Our Masks are portals into our soul.

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Mark Driscoll vs Rob Bell vs Francis Chan

Farewell Mark Driscoll.

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As a young and sometimes angry pastor I have been saddened with each toss and turn of the waves in the ocean that is the drama circulating Mark Driscoll’s demise. I really liked the guy. I was introduced to the testosterone filled, Seattle megachurch pastor by like minded friends about six years ago. Driscoll was raw, cutting edge, controversial and theologically conservative. He said many creatively hard things that I wished that I could blurt out to my congregation (yet never uttered due to fear of repercussion and reprimand by my authority).  He was the toughest pastor I had ever downloaded. He spoke difficult truths that I would grapple with like a UFC fighter caged with diligent, savvy opponent. There were however, moments listening to Mark’s tone and delivery where I thought to myself “Wow, it would be hard to work for Mark, it seems like he can be very mean at times……I bet he’s overly stubborn/opinionated.”

I knew that many people didn’t like Mark. That fact fueled my interest in him, as it did the thousands who were downloading his podcast and buying his books, not to mention attending his church, Mars Hill.

I watched the recent circus unfold online this year with bated breath. All I had to do was google Mark’s name and the floodgates would burst open with various articles published 5 hours ago, updated an hour ago with the latest news surrounding the scandals. With all of the attention Mark was receiving you would have thought that it was a “Ted Haggard” sort of scandal or worse.   The hits just kept coming. There were the plagiarism accusations, the use of church funds to inflate sales of his controversial new book, the unleashing of crude forum posts Mark had written 14 years ago and the various elders and staff who were crying out in unison that they had been personally bullied/verbally assaulted/ignored by Mark.

When Matt Chandler turned his back on Driscoll; kicking him out of the Acts 29 network I knew things were bad. Matt and Mark were friends.

It would seem that Mark’s “death” was one of a “thousand paper cuts.” It wasn’t one “big” sin such as adultery or murder, no it was a whole bunch of little ones, building over a lifetime, accentuated by Driscoll’s massive reach in contemporary culture and status as a “Rock Star Preacher.” Granted the bloggers and liberal and conservative social media that Mark had openly, creatively criticized so long finally found a way to chip away at his defenses, hit him when he was most vulnerable and bring the giant to his knees.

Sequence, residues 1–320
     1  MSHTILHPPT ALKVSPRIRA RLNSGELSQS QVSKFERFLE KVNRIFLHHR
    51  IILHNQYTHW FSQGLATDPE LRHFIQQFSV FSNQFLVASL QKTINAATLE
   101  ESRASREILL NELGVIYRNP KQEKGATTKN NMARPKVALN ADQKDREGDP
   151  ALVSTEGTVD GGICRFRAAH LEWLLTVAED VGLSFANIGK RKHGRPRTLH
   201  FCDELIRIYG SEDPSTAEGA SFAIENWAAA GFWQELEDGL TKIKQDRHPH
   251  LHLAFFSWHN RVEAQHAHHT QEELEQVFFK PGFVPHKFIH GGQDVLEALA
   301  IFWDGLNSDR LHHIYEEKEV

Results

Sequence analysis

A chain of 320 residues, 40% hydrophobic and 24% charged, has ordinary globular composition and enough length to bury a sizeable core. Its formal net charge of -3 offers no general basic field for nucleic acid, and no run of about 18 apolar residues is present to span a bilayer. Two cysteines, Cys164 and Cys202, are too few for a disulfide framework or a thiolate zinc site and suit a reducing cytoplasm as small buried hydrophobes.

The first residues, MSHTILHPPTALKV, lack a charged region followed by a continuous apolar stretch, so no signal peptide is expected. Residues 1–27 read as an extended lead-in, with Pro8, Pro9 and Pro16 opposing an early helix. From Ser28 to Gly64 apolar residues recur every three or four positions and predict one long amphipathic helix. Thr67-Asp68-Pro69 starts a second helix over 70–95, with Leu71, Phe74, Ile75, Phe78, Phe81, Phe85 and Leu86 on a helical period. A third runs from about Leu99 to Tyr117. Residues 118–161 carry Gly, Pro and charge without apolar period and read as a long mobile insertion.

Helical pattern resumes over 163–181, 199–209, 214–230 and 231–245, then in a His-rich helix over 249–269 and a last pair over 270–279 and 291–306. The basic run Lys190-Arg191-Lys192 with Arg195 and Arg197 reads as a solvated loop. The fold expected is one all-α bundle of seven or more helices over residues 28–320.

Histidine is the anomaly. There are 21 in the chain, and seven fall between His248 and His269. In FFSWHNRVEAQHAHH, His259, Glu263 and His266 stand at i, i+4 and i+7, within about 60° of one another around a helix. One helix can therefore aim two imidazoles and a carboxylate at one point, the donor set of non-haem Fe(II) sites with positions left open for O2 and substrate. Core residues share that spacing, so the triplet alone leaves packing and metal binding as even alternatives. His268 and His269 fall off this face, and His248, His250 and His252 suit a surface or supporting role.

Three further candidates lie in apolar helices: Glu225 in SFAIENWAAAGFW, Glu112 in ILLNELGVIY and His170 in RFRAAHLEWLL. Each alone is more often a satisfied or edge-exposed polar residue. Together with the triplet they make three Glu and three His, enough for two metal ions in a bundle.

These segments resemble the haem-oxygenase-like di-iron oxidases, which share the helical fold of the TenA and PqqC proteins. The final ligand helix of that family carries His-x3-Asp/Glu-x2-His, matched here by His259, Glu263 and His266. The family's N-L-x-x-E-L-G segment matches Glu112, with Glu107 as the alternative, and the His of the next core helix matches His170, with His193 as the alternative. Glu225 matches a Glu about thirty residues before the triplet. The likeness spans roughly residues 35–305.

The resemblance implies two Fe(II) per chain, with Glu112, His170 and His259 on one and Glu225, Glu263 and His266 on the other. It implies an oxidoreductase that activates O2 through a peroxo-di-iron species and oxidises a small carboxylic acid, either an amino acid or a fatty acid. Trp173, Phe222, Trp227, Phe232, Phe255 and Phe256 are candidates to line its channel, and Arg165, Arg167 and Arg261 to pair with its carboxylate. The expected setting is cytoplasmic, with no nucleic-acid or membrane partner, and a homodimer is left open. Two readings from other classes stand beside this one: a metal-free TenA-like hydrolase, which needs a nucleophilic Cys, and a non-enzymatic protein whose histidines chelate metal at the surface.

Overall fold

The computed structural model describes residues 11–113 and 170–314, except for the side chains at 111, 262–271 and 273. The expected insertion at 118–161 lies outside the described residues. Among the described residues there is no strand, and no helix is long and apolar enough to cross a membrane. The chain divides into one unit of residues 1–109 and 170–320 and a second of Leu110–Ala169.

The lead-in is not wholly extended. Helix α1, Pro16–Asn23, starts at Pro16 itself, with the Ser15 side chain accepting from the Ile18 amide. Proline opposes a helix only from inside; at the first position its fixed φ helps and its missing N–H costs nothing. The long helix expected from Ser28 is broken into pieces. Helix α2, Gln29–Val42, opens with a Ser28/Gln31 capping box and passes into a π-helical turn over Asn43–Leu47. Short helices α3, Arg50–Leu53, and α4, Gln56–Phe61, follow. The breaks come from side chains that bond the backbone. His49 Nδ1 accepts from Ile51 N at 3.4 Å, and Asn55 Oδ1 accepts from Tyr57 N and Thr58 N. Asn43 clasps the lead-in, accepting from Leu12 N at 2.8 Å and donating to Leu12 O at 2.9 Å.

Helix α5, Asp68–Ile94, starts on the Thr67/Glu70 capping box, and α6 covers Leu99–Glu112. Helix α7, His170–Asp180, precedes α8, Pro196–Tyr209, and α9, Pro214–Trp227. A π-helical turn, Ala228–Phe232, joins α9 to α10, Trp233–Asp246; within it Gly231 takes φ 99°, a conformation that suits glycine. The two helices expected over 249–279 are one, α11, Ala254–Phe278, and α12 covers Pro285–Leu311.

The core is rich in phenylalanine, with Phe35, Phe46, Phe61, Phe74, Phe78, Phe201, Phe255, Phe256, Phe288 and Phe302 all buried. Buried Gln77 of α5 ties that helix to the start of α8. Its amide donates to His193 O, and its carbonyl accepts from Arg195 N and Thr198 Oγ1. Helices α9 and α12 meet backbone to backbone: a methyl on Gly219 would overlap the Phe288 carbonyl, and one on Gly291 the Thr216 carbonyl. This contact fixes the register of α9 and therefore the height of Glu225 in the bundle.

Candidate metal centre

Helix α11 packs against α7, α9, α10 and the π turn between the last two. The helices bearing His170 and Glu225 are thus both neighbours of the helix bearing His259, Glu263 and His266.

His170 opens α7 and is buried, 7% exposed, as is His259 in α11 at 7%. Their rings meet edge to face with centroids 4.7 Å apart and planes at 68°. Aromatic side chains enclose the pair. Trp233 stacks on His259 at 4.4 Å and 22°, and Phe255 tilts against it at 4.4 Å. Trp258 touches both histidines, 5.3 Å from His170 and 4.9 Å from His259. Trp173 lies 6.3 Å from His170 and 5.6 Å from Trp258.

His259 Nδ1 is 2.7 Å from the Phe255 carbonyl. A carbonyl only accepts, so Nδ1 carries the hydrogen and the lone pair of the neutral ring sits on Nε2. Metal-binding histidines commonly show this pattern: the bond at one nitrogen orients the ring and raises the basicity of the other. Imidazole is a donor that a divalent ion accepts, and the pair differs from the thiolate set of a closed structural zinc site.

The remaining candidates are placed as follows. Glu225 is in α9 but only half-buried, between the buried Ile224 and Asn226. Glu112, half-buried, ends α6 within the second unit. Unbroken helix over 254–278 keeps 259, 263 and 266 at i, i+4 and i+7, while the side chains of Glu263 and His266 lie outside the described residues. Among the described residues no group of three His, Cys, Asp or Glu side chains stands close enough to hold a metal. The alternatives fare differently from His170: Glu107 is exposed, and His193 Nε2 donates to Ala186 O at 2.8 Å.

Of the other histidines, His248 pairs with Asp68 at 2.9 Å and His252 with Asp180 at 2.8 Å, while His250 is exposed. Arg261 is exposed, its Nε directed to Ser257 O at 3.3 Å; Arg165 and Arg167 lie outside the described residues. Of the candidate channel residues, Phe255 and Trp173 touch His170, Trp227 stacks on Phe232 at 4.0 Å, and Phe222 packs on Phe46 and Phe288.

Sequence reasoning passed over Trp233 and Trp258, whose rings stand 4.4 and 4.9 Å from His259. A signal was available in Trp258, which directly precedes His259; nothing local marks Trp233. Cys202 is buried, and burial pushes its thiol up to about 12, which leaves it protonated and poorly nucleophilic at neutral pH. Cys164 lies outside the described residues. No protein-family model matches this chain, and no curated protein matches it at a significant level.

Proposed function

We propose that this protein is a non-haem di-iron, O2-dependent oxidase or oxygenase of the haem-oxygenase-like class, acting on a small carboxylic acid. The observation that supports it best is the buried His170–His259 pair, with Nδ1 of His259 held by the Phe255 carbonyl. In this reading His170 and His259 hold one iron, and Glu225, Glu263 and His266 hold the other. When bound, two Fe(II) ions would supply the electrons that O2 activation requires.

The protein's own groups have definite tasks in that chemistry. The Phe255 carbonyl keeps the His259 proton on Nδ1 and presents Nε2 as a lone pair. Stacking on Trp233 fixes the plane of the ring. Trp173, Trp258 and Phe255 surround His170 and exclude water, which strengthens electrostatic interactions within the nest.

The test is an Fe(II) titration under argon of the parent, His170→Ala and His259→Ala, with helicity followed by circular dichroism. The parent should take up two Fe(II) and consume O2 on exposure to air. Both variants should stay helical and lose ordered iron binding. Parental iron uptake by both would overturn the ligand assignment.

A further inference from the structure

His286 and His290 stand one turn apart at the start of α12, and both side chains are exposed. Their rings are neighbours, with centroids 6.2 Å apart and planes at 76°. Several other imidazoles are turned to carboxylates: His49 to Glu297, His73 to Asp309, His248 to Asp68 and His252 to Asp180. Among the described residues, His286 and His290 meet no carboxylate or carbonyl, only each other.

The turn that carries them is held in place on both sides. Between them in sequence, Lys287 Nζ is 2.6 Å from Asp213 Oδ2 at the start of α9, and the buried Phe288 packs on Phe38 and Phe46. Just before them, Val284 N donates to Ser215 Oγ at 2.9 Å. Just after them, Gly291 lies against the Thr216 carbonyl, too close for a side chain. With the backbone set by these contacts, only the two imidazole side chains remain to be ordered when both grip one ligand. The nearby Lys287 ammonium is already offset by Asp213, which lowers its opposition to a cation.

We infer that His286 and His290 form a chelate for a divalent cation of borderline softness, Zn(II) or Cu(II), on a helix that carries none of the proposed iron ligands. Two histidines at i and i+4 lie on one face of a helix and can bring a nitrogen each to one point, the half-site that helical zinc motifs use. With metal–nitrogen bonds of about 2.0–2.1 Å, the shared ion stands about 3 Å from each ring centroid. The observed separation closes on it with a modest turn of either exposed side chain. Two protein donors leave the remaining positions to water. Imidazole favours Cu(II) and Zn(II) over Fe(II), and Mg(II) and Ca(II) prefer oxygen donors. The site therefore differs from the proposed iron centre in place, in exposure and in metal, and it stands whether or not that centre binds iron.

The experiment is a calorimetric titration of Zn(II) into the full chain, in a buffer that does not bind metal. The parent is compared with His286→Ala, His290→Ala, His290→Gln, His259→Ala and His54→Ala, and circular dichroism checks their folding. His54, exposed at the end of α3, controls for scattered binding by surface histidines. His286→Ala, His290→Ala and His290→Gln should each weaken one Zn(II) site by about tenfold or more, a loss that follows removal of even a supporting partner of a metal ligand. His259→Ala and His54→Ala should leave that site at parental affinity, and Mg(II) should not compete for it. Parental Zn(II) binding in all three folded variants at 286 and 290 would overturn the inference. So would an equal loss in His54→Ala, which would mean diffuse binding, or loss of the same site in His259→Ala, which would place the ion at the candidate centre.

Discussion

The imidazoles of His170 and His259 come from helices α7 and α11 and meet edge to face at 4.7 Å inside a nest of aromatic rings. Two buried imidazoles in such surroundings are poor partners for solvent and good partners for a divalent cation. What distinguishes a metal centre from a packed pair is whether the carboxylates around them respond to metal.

I can’t imagine the misery Mark is living in right now, watching his 14,000 person church shrink to 7000, having to lay off numerous pastors, his name and legacy indelibly stained and having to resign from the church that he loved so very much as his enemies, both Christian and Other laugh loudly as they watch the once proud pastor brought low. It’s not like Mark was spewing heresy or anything along those lines…..

Which brings us to one of Driscoll’s nemesis’s, a man who also ruled an entity known as Mars Hill (the two churches are so different it’s comical, yet the similarity of their leaders demises is deeply ironic) the bane of conservative Christianity: Rob Bell.

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I remember liking Bell in college, he was far cooler than I was, or ever would be. Everything thing about him screamed “I’m here to chill.” His voice passionate, his tone mesmerizing and his thoughts so deep and poignant, you could chew on his words for weeks. He verbally crafted pictures of Jesus that seemed so real, you thought the son of God was about the reach out and take your hand (then lead you to a Starbucks around the corner and passionately discuss social justice and the environment with you).

Yet Rob Bell flew too close to the sun and dreamed a bit too much. He asked some questions (which led to answers) that scared many people. “What if God’s love was so irresistible that everybody would turn to Him even after they are dead? What if nobody is in Hell? What if Love Wins regardless of what we believe in this life?” The one that haunted me was when Bell questioned the existence of a personal Devil, leading us to believe that Satan is a myth or at best a metaphor.

In the blink of an eye and the click of a mouse Christians were pulling his books off the shelves (to ban not buy), breaking their replica Rob Bell Hipster glasses and turning Bell into a Christian culture joke.

Rob has since made public declarations about his feelings and convictions concerning various subjects near and dear to conservative/orthodox Christianity’s heart. He’s just come down on the opposite side, causing himself to become more estranged and reviled. Rob resigned from his Mars Hill (he’d probably tell us that it was amicable and mutual, but nobody reading this article is that naïve, correct?)

Farewell Rob Bell.

All of this is sad. It would seem that there is a mysterious force assassinating our “Rock Star Preachers.” It used to be that you had to sleep with your secretary, or snort a line of coke to fall from your perch as one of Christianity’s biggest and brightest. Is there any way to keep ones legacy intact in the upper echelon of contemporary Christianity (Joel Osteen fans be thee warned!)?

Well…….let me introduce you to Francis Chan.*

*No really; once at a youth event I had the privilege of introducing Francis to over 2 thousand people. It was a great moment; he’s an awesome guy.

Hello Francis Chan.

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The author of “Crazy Love” a book so simple yet so profound there’s a real chance it may make a practical difference in your life.

A man who has made millions of dollars off of that book……..and he gave it away.

A pastor who had a huge church yet stepped down, of his own will, at his own time, with his legacy intact.

Do you know what he did?

He left to go serve in the inner city of San Francisco. To downsize and to radically give everything he has away, as he strives to live in true accord with the teachings of Scripture.